- Closed the access points that were used and removed the malware. I should hope so! Preferably, this was done a month ago.
- Hired a team of data security experts to investigate how this happened. Good. Hopefully this happened a month ago. The internal IT department kind of messed up here. However, most current security technology is unable to stop these kind of attacks. Hence, the number of APT solutions being offered.
- Communicated that guests will have zero liability for any fraudulent charges. First, they’re customers, not guests. A bit of a $$ olive branch. Usually, customers have a small window of to dispute charges on debit cards and credit cards. The rules vary. They don't have unlimited liability. But a person’s checking account could, in theory be emptied. This communication hopefully happened right after the breach was discovered and closed.
- Offered one year of free credit card monitoring and identify theft protection. This should have happened weeks ago. Target – do not auto renew this on Target debit cards. That would be tacky.
Friday, January 17, 2014
Target Data Breach – Target CEO Belatedly Starts to “Man Up”
Target and CEO Gregg Steinhafel have finally downloaded a book on crisis management and are following the script for when a company crisis occurs. They could have begun a lot earlier after this November/December data breach occurred. Right after the breach was discovered. They have managed to never say the phrase “Advanced Persistent Threat (APT)” in their communications. I would imagine that any company offering an APT solution has contacted them.
On January 14th, Target ran a full page ad in a number of major US newspapers. Below are snippets of the four bullet points and my comments. These adverts do cost $$. Earlier blogs on this topic are on www.us.ahnlab.com
Target is now doing much of the right thing. Steinhafel even said, “Sorry”. All the above was late. The crisis management book would have had Steinhafel front and center right after the breach was discovered, rather than having an update section on the Target web site. www.target.com/databreach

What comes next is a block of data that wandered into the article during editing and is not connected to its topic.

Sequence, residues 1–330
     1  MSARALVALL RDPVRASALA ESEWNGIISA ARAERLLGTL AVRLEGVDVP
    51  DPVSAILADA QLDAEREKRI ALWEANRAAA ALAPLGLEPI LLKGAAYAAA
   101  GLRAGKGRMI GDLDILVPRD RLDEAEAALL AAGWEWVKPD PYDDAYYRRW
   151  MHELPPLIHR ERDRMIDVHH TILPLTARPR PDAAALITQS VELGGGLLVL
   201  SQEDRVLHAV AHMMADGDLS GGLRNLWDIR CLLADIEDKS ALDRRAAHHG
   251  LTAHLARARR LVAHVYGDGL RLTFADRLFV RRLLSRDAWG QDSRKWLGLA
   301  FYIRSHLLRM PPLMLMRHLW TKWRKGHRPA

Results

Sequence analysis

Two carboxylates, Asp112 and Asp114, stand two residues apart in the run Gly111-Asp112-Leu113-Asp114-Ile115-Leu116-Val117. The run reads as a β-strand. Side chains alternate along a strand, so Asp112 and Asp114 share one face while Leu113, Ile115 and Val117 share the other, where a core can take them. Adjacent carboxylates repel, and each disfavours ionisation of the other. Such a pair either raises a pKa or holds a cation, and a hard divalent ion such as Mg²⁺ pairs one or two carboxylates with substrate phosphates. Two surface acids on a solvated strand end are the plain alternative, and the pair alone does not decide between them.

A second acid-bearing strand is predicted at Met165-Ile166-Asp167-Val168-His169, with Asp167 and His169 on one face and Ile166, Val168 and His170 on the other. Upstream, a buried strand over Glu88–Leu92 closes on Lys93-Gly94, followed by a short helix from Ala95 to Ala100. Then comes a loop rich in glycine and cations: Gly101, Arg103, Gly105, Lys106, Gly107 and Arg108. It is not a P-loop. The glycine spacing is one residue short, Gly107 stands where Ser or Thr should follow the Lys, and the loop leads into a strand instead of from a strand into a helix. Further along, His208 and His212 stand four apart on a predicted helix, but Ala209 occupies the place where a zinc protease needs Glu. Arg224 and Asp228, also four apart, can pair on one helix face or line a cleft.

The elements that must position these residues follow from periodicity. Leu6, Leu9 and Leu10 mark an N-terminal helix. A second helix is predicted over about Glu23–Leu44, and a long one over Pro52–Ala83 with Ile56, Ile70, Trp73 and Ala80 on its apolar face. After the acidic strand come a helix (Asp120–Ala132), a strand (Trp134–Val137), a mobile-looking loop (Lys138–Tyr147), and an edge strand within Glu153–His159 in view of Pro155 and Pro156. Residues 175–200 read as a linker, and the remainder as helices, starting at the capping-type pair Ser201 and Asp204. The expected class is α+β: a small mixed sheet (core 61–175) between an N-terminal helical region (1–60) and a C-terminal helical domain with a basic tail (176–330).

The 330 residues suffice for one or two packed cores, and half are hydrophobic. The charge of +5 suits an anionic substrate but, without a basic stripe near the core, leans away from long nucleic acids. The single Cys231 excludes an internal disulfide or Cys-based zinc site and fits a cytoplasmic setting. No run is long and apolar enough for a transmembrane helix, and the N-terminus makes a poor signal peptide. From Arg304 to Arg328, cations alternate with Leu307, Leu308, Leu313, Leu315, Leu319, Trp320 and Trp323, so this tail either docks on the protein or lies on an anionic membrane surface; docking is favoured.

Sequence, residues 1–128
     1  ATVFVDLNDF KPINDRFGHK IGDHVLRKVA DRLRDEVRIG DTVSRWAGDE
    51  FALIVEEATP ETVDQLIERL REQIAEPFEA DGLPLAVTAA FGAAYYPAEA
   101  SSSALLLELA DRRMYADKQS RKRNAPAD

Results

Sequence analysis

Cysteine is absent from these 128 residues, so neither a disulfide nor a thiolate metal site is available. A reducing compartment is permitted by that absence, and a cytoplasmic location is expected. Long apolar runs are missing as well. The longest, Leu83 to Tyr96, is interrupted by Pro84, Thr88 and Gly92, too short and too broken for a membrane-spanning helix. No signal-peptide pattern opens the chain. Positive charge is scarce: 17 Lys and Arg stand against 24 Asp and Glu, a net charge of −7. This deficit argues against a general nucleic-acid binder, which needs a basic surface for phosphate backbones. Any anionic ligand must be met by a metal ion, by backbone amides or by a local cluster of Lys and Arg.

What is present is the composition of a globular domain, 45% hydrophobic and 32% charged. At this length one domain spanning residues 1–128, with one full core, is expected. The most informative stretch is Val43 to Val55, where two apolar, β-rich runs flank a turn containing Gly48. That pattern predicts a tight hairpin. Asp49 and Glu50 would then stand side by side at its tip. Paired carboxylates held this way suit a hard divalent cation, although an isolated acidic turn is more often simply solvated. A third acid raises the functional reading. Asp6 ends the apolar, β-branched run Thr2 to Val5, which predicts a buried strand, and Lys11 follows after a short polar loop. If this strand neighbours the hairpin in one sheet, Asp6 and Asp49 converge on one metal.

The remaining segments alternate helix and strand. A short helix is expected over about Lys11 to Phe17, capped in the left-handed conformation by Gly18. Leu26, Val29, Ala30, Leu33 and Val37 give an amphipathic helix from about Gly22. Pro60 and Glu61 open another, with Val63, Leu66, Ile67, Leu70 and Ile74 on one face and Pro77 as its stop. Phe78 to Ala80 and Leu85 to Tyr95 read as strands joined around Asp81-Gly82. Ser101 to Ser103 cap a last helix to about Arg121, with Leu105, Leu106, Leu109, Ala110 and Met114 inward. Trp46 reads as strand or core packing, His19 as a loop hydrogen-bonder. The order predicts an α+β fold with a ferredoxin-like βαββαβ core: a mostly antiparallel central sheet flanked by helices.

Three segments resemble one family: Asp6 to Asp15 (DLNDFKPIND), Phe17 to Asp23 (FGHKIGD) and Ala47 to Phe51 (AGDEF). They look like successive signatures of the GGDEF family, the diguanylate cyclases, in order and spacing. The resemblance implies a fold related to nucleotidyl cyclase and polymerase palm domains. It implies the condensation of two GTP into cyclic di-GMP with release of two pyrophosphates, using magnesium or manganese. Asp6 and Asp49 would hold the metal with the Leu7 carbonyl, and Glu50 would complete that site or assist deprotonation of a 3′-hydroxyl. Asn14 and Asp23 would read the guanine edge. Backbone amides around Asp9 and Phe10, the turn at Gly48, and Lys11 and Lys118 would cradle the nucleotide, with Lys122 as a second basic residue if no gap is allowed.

Demerits for Target for not being transparent early to customers. Demerits for not keeping Target employees in the trenches in the loop immediately and ongoing about this. Target should even consider having something conspicuously posted (with copies available) at checkout lines at their stores. The 10% additional weekend discount offered was barely an olive branch.
It now appears that even non Target customers are now getting emails from Target. These read, in part, from one article on the topic:
"The good news first: A Target spokeswoman has confirmed to Consumerist that the email is “an official communication,” despite it seeming like the perfect chance for hackers to strike yet again. So, whew. But when we asked where Target obtained email addresses for people who are not now and have never been customers of the retailer, the spokeswoman simply said, 'The information was obtained by Target through the normal course of our business.'"
Why hasn’t Target and/or the relevant financial institutions gone out and immediately sent out replacement cards? First, a less costly solution would be if all customers would go and change their passwords. This isn’t going to happen. The information (fortunately a lot of it encrypted) has already been stolen. Second – behind the scenes, the financial institutions and Target are probably pointing fingers at each other regarding inadequate protection. Third – the cost of sending out replacement cards is around $10. This could be an up to $440 million hit in revenue to Target and/or the affected financial institutions. So, this isn’t going to happen.